A local resident of Pune’s Warje slum, Hiralal,who migrated here 12 years ago, earlier used to be very reluctant to use the toilet near their home. According to him, “It was very difficult to even enter the place. It was dark, extremely dirty and they would fall ill frequently.”Now, he pays Rs50 per month for using the Samagra-managed public toilet. Although, the fee is more than what was charged by the Pune Municipal Corporation; which was in-charge earlier, he believes the priceis worth it. “It’s more dignified and far cleaner,” says Hiralal.

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    Kudumbashree - A Social Purpose Vehicle to Facilitate Habitat Programs
  Kudumbashree, a women oriented, community based project is launched by the Government of Kerala, India in order to address poverty reduction in the state. It acts as a nodal agency which coordinates the state level action plans in the project field, while working with the communities through grassroots level workers.

In its initiative, Kudumbashree provides micro housing loans called Bhavnashree. Banking institutions provide loans to the existing members of the community for up-gradation, repair and construction of new houses. The housing loan is processed through tri-partite agreement between the beneficiary, community development societies and financial institutions. Under the EMS housing scheme, the Government of Kerala provides financial support of INR 75,000/- to the beneficiary. The scheme is thereby, merged with this program for poor women to avail access to finance. The scheme margin of self-finance is drawn in the ratio of 0% to 25% based on the financial and economic condition of the household. Besides providing subsidised loans, Kudumbashree also facilitates logistic support for material procurement, design and development of houses through the use of green material technology with support from the Habitat Technology Group based in Kerala. Under this scheme, around 19,922 households were constructed with a financial support of INR 6765.91 Lakhs.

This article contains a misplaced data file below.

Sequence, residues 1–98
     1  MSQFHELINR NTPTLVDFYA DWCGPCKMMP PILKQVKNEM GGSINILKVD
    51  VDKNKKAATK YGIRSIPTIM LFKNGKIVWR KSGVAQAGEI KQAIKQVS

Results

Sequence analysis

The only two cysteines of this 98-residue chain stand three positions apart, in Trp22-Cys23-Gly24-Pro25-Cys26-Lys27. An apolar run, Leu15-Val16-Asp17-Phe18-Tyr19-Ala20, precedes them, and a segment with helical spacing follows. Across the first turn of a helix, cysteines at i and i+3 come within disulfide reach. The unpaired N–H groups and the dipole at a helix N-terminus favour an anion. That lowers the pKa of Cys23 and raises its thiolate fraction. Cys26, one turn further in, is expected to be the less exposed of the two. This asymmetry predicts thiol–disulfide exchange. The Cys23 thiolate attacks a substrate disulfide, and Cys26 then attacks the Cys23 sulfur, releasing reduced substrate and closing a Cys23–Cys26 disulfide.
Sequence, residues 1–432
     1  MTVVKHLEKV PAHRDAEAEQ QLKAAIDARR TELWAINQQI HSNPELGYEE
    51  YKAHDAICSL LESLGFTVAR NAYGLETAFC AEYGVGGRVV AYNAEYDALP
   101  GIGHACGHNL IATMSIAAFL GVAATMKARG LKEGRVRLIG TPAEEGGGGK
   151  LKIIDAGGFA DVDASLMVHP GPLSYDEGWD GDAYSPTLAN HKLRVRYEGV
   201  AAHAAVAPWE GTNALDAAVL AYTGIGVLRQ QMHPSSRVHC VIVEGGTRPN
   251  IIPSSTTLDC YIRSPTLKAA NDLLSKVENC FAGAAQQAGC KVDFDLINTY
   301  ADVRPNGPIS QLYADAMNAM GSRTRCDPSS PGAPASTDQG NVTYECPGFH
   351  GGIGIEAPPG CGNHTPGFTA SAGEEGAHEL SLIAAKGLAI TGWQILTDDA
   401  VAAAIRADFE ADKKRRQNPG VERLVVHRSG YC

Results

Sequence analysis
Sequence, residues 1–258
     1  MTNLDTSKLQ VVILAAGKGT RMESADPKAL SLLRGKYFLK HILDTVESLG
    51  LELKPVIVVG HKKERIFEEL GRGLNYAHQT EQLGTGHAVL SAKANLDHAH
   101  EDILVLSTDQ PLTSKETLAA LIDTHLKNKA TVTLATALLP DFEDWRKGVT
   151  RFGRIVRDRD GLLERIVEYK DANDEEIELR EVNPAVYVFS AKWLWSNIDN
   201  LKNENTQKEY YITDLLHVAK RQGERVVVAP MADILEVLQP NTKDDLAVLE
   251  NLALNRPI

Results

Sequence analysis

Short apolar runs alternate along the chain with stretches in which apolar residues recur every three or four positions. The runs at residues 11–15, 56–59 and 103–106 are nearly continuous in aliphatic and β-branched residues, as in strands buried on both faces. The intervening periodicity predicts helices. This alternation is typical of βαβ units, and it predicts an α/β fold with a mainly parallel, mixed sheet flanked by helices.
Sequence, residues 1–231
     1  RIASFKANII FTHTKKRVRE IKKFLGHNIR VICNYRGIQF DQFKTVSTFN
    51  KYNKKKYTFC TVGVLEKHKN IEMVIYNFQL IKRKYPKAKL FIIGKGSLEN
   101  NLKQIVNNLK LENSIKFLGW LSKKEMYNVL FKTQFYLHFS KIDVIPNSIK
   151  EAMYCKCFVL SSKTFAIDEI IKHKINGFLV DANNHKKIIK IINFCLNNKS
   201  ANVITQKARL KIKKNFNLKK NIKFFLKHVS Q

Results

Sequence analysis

Kudumbhashree carries out a consultative process to understand the housing requirements of the community and the construction cost budget. The construction process is then arranged by the Habitat Technology Group and the government ensures that the building material costs are met as any change in the material costs would directly affect the end beneficiary.

Kudumbhashree has helped in facilitating Central Government programs such as Rajiv AwaasYojna (RAY) and Jawarharlal Nehru National Urban Renewal Mission (JNNURM) for the growth of the city by addressing the needs of the poor and also basic infrastructure needs of the state.

The initiative of the Government of Kerala has received various UN-Habitat awards for best practices in habitat growth and was recognised by the Central Government for implementation of Basic Service for Urban Poor (BSUP) Programs and excellence in Public Administration. This model can be replicated in other places as well to address the housing deficit.